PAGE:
Score: 3/5.

2. A Litany of Mary. Ann Ball. 1987. Non-Fiction.
A lovely exposition of and meditation on various titles of Mary. Would recommend for anyone seeking a deeper understanding of Our Lady, her role, and her apparitions in the modern world. Particular highlights are some of the rarer titles such as Our Lady of the Cenacle and Our Lady of the Most Blessed Sacrament. If you have (or want) a devotion to Mary under one of her titles, this is the book for you.
Score: 4/5

3. Free Women, Free Men. Camille Paglia. 2017. Non-fiction.
The dissident feminist’s newest collection of essays. Gives a great taste of her style and scholarly concerns over the course of her long career. Topics range from The Real Housewives, “Southern Women,” BDSM, Puritanism, and all kinds of feminist spats. Her essay “On Abortion” is one of the most idiosyncratic and provocative takes on the issue I have yet read. Paglia never tires of displaying her acid wit and crackling prose. Perhaps her greatest flaw, beyond those points where she is simply wrong, is her irritating autobiographical tendency. I could do without the seventh mention of her childhood Halloween costumes. But all in all, a read well worth the effort.
Score: 4.25/5

4. The Leopard. Giuseppe di Lampedusa. 1958. Fiction.
The decline and fall of a Sicilian noble family. There’s romance, history, and a dollop of nostalgia that Lampedusa sprinkles with acerbically cynical observations about his characters. It’s uncommon to find a class commentary that doubles as a sensitive psychological portrait. The Leopard is just such a rare gem. Lampedusa has a knack for evocation. You can feel the heat of the Sicilian sun radiating from the pages; with Lampedusa, you can almost catch a faint whiff of ambergris over the rot. His style is a slow-moving delight, well-suited to his subject. There’s also a Great Dane, which is always a plus.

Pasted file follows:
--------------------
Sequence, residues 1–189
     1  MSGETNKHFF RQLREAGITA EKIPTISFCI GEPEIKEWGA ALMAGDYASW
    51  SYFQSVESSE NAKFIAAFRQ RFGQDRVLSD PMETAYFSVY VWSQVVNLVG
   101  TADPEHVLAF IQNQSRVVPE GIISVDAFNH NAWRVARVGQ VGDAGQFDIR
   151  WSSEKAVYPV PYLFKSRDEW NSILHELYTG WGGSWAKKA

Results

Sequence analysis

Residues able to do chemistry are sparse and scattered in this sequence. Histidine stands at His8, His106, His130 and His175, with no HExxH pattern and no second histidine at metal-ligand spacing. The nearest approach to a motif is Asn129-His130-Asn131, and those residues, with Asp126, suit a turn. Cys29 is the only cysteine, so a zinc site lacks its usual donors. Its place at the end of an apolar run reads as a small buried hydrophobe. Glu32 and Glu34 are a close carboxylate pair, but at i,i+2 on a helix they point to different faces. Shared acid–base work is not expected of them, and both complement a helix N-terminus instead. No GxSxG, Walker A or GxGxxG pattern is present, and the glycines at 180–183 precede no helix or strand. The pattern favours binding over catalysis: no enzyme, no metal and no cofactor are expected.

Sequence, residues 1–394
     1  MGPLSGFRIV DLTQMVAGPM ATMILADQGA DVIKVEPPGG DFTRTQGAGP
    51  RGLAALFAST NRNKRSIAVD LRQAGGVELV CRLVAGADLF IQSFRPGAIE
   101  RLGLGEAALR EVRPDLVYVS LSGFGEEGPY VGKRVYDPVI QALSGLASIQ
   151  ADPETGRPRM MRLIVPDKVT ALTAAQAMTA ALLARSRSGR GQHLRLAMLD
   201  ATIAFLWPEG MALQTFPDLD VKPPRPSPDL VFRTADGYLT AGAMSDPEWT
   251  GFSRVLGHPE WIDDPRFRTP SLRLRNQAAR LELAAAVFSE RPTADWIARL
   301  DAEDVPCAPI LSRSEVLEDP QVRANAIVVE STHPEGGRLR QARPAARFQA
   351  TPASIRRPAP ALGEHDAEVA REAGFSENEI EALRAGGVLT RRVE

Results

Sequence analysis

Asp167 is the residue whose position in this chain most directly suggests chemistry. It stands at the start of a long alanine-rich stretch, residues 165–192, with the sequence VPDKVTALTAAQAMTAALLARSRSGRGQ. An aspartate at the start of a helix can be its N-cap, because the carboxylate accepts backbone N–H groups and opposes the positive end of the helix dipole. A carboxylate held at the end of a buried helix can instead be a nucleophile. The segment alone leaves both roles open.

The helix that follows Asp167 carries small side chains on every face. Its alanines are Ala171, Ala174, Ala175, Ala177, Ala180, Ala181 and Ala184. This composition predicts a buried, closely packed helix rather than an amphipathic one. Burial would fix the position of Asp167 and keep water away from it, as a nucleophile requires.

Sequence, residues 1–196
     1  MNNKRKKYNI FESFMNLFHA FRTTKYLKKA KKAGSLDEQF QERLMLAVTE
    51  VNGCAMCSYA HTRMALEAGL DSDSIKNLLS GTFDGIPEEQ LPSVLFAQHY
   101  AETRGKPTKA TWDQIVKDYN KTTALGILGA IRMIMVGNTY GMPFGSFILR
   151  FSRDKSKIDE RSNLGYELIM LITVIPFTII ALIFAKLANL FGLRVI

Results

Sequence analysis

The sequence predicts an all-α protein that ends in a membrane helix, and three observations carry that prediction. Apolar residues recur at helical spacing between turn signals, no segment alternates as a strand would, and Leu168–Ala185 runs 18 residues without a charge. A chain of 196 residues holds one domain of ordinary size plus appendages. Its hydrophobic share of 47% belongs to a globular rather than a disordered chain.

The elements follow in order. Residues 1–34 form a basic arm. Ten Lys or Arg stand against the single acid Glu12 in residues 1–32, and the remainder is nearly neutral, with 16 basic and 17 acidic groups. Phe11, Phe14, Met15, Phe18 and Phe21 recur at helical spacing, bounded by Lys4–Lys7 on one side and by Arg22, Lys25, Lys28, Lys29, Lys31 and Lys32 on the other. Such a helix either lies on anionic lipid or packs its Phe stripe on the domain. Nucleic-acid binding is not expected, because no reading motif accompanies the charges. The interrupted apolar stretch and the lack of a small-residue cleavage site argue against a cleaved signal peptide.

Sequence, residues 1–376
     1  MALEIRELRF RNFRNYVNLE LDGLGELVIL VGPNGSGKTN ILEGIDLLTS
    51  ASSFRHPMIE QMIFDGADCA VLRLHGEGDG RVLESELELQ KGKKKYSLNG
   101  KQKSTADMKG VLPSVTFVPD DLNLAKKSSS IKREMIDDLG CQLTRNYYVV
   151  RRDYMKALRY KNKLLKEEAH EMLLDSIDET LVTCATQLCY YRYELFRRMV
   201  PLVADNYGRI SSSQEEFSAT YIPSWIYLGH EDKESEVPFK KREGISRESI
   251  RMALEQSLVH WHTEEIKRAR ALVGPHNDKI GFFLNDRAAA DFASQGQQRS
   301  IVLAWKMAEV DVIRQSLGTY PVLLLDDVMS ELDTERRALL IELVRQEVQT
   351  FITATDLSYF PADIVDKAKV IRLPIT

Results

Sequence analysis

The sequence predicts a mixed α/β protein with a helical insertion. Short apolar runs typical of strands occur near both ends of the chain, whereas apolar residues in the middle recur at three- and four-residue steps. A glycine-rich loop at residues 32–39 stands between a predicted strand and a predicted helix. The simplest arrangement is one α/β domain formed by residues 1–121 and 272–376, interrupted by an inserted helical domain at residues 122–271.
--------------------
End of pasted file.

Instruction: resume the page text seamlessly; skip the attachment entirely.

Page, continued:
Score: 4.5/5

5. The Black Arts. Richard Cavendish. 1967. Non-fiction.
A helpful, if perhaps somewhat dated, exposition of occult history and practice. Cavendish presents a thorough overview of dark magic. His wry, understated humor makes it a great read (one quote: “[Éliphas Lévi’s] later books are less interesting, including his History of Magic (1860) and The Key of the Mysteries (1861), which he himself translated into when he was reincarnated as Aleister Crowley…The learned English occultist A. E. Waite, who was not a reincarnation of Lévi, but succeeded in translating the secrets of the Doctine and Ritual all the same” pg. 29). Would strongly recommend to anyone with a love of horror fiction, the macabre, Christopher Lee, the Kabbalah, Latin, and batsh*t crazy characters from the Victorian and Edwardian periods (including Montague Summers). It made me want to read Valentin Tomberg’s Meditations on the Tarot and watch Penny Dreadful.
Score: 4/5

6. Chickamauga. Charles Wright. 1995. Poetry.
Remarkable, luminous poetry by a professor at my alma mater. T.S. Eliot’s spiritual and stylistic successor. Reading him is like reading a mystic in motionmore ornate that Wendell Berry, more apophatic than William Blake. I cannot recommend him highly enough.